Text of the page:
Are you a recent graduate nearing the big day, busily getting resumes out to potential employers? Or, have you been in the job scene for a while, contemplating a move in another direction? Regardless of your situation, you’re wondering whether to add your GPA.
The general rule of thumb is for recent graduates to list the GPA if it is 3.0 or higher. An appropriate way to indicate that would be 3.3/4.0, telling those who look at your resume that you have a 3.3 cumulative GPA on a 4.0 scale. If your school uses a different scale, you should note that on your resume, i.e. 4.2/4.5. If you haven’t completed your degree yet, you can still list your current GPA, but note how many credits have been taken to reach that average.
Experienced workers: Usually you won’t need to add your GPA to your resume as you move along in your professional life . “As your career progresses," says Kim Isaacs, Director of Resumepower.com and co-author of Career Change Resume, "the college GPA becomes less important and can be removed.”
These are generalities, but other factors may apply:
Career field--The GPA may be more of a necessity depending on your vocation. Academic or technical fields usually require the GPA. If you don’t place it on the resume, it may be assumed that you performed lower than a 3.0. Again, depending on the amount of time you’ve been out of school may vary on the situation. It might be appropriate to ask someone if it applies.
Cumulative v. Major GPA--This is really a personal decision. Most of the time, the cumulative GPA is used. However, if you feel using your major GPA would demonstrate you being more of an expert in a certain field, then by all means use that one. Just remember to include the number of credits obtained in that field if you use your major GPA.
For additional assistance with your resume, check out our Resume Tips and Resume Templates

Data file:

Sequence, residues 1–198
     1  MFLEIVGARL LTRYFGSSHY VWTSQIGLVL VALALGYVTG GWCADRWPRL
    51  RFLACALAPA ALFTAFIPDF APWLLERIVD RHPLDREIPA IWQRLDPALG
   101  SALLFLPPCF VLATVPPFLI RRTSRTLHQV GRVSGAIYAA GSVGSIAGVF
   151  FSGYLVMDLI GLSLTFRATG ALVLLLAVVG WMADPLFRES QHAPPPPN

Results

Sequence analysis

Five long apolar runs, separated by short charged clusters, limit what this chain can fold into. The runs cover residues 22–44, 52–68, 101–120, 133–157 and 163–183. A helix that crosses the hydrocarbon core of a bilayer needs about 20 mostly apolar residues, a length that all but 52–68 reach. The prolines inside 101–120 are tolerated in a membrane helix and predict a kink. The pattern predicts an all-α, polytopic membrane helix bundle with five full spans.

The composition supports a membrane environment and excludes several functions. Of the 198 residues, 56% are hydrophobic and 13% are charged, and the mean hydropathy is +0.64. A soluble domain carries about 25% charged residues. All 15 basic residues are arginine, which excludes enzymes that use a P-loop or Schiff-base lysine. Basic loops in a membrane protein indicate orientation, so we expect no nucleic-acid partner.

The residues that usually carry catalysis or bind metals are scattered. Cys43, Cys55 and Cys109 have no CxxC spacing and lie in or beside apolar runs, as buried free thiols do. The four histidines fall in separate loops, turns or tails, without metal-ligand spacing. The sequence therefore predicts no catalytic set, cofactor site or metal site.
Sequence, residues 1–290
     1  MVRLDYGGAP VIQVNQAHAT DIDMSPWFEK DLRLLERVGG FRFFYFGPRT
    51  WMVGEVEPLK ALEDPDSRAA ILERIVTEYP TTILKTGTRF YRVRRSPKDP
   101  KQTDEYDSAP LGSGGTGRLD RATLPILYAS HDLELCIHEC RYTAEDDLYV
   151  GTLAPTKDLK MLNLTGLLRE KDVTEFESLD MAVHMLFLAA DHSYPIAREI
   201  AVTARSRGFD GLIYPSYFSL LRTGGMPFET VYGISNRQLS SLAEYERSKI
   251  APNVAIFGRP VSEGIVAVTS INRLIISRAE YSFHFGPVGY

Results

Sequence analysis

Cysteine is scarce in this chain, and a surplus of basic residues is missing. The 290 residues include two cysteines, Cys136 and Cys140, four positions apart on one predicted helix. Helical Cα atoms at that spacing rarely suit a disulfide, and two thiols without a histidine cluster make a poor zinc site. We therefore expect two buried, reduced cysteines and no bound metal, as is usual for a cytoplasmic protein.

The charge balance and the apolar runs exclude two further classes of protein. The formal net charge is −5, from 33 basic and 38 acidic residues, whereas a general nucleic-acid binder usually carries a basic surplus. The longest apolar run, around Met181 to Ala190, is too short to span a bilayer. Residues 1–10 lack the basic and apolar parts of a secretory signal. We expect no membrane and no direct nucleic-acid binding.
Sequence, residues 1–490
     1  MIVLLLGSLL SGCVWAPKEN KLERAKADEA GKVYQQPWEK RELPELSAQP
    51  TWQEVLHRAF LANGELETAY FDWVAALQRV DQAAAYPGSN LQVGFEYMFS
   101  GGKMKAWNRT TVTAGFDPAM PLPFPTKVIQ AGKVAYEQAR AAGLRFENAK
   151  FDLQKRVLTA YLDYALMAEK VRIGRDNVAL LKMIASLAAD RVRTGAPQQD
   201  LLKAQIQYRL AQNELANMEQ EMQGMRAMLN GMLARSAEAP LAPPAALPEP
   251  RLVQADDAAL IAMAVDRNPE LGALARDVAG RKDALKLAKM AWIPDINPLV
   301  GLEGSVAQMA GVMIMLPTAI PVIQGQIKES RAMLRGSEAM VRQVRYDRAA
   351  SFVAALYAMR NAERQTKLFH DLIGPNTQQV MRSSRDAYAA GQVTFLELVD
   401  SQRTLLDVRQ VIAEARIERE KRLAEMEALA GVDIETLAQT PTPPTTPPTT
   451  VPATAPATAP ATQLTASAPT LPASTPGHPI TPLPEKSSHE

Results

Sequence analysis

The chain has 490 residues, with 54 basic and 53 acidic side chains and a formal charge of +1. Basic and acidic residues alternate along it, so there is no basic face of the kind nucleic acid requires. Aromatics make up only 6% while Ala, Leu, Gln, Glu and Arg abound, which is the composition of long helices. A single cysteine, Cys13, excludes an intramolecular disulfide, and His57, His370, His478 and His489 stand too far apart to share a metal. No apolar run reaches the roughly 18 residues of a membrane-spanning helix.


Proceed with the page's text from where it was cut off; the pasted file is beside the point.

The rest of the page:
- Resumes For Dummies by Joyce Lain Kennedy, 4th ed. (New York: Wiley Publishing, 2003) 105.
- Put Your Education to Work by Kim Isaacs, Monster Resume Expert, at resumepower.com
- GPA and other FAQs at www.career.vt.edu - Career Services @ Virginia Tech
I have hired and recruited many college students into the industry. My rule of thumb is that any GPA equal to or higher than 2.8/4.0 should be listed on a resume. If I am interviewing a student and he doesn’t have it listed I assume that it is below a 2.5 or something less. A 2.8 is still considered a B minus average. it also shows that the student got more A’s and B’s than he got “C”‘s -so that is my theory to your question above
Austin,The name of the game is EARLY and OFTEN. What I mean by this is start thinking about what you want in a coellge education now and what schools would offer you those EDUCATIONAL opportunities. Leave out specific divisions at this point instead focusing on what coellges can offer you outside of athletics. Once you start coming up with a growing list of schools you might have an interest in then you can start to think about contacting those coaches. Remember, it does you no good to contact a coach without understanding what his program and school can offer you and what you can offer them. When attempting to get recognized it’s legwork. The consistent pavement beating, door-knocking that it takes to get someone to pay attention to you even for a few moments. This sometimes involves many emails and phone calls before a coach will give you the time of day but you have to persevere. You gain their attention by having a quality highlight tape, a good athletic resume, and most important- good grades.
this is required to be in cjsf and for college in the senior year at high school. This can also let the student to get a good future, and get in a good business.